When you dance with a live drummer, you are in many aspects controlling the music. One of the most important things to keep in mind, is that the drummer wants you to look as good as possible, so he/she will do their best to follow you. If you want to slow the rhythm down to for example go into a break, you will need to prepare (or pose just for a few seconds) before you melt into the slower pace. Likewise if you want to speed things up and go into some fast hip drops, you prepare, allowing the drummer to do the same, and then start on those drops. If the drummer doesn’t get the beat of the drop he/she will look like they’re behind you, but likewise you also need to understand the structure of the music, so the drummer has time to capture that beat for you. With only a little bit of practise you’ll be surprised to find how easy it is to control the music like this, but you will need to stick to your guns, and keep doing the dance moves you want. This feeling of control can be quite intoxicating, and it will leave you on a real high afterwards. It will give you masses of self-confidence, and it’s the confidence during the dancing (or faking it if you need to), that will make the experience even better. In many ways, dancing with live musicians is the ultimate confidence boosting exercise.
In Egypt, most professional dancers will have their own band, but that is not a luxury many dancers have in other parts of the world. So try to grab any opportunity you can to experience dancing with professional musicians. If you are new to it, you may want to start out with a few workshops on the subject. Checkout both the JWAAD Summer School, and the Fantasia Festival, where several workshops tend to be on offer with experienced drummers. Check out your local area for workshops or events too. The Arabic Quarterly offers the opportunity to perform with a live band at their shows in London, a rare treat which any professional, semi-professional or even recreational dancers should allow themselves to experience. I am also working on a few live musicians events, so if you’re not already on my mailing list, do sign up so you don’t miss out on any limited workshop and course places.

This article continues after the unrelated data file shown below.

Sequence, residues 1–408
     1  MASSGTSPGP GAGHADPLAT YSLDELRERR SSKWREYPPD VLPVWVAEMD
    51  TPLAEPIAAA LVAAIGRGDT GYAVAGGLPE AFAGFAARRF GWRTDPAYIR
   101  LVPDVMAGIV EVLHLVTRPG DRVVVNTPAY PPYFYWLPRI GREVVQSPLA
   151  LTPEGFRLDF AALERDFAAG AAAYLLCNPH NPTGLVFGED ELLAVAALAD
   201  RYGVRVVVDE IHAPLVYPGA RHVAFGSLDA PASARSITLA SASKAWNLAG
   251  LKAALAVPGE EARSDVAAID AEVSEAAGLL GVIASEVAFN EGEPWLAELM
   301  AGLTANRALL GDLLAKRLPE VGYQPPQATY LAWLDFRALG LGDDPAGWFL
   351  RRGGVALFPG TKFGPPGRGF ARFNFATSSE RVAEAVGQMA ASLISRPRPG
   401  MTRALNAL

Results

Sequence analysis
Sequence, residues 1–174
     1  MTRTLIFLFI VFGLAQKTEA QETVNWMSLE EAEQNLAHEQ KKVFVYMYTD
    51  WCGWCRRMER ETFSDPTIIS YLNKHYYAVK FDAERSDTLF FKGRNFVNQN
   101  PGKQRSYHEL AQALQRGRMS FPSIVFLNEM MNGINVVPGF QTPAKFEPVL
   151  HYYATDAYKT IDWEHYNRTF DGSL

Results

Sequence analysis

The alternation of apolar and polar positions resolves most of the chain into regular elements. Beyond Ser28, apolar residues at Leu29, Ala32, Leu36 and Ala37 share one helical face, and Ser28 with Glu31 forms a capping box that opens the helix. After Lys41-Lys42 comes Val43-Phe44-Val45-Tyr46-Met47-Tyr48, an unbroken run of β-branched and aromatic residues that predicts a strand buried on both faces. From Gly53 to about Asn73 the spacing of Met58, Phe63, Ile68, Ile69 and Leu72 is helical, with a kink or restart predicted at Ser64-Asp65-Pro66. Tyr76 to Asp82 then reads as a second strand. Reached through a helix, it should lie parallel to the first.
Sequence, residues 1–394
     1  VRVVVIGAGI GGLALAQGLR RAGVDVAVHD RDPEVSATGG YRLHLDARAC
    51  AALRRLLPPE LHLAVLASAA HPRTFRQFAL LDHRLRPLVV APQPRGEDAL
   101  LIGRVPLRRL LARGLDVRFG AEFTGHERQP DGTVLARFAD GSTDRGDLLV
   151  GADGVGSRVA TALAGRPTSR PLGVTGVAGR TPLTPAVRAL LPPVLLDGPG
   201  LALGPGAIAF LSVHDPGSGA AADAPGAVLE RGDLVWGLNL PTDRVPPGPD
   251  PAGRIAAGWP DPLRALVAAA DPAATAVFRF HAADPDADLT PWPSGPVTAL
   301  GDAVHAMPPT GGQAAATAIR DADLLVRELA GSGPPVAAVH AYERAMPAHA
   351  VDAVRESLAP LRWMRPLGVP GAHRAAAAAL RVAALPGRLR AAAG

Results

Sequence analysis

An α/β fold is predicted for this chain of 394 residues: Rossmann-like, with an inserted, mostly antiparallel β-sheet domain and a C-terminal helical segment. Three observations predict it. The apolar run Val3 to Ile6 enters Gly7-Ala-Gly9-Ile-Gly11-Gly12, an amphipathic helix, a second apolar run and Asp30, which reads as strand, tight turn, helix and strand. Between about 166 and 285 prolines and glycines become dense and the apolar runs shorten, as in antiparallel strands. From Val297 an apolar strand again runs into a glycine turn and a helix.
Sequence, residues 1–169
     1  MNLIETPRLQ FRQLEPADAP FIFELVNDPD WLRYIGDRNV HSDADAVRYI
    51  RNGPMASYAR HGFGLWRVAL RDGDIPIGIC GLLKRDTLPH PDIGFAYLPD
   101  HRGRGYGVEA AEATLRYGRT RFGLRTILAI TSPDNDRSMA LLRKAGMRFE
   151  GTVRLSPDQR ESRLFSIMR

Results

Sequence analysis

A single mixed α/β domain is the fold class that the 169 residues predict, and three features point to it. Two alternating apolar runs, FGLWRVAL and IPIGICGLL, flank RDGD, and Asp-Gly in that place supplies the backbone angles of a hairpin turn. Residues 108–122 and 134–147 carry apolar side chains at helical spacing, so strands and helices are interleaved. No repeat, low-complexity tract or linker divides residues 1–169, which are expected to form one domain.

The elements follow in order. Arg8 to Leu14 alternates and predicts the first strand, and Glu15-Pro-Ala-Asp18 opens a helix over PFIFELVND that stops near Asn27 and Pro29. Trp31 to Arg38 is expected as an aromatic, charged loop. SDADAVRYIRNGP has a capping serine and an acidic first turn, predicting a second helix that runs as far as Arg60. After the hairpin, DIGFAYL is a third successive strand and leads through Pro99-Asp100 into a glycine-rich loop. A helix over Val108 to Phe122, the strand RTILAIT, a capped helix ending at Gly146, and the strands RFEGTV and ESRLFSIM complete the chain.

If you’re already a seasoned dancer, who’s danced with live musicians several times before, then head to Egypt. There are some brilliant musicians based in the UK and Europe, but even they have to admit that Egyptian musicians are playing at a totally different level. Dancing with a full Egyptian band is really something special. You can see a video of me improvising with a live Egyptian band here.
Finally, if you still think it’s too scary to go up there and dance with music ‘out of your control’, then remember that even professional dancers, who have performed with their own orchestra in Egypt for years, find it just as nerve racking to perform to a CD! Having been used to their musicians following their moves and knowing their style, they are literally slaves to recorded music, like we all are. So next time you have the opportunity to free yourself from a pre-record and explore a truly interactive dance experience, promise me you have a go…
I hope you found this article useful, and I’d love to hear what your thoughts are in the comments below. Have you danced with live musicians before? How did you find the process of shaping a performance? Have you got any tips you’d like to share with your fellow dancers? Do you know of any events coming up where people can get a flavour of dancing with live music? I look forward to hearing from you, so we can keep the knowledge sharing going. Happy dancing always 🙂
Did you miss my last post? Read it here: Do babies dance?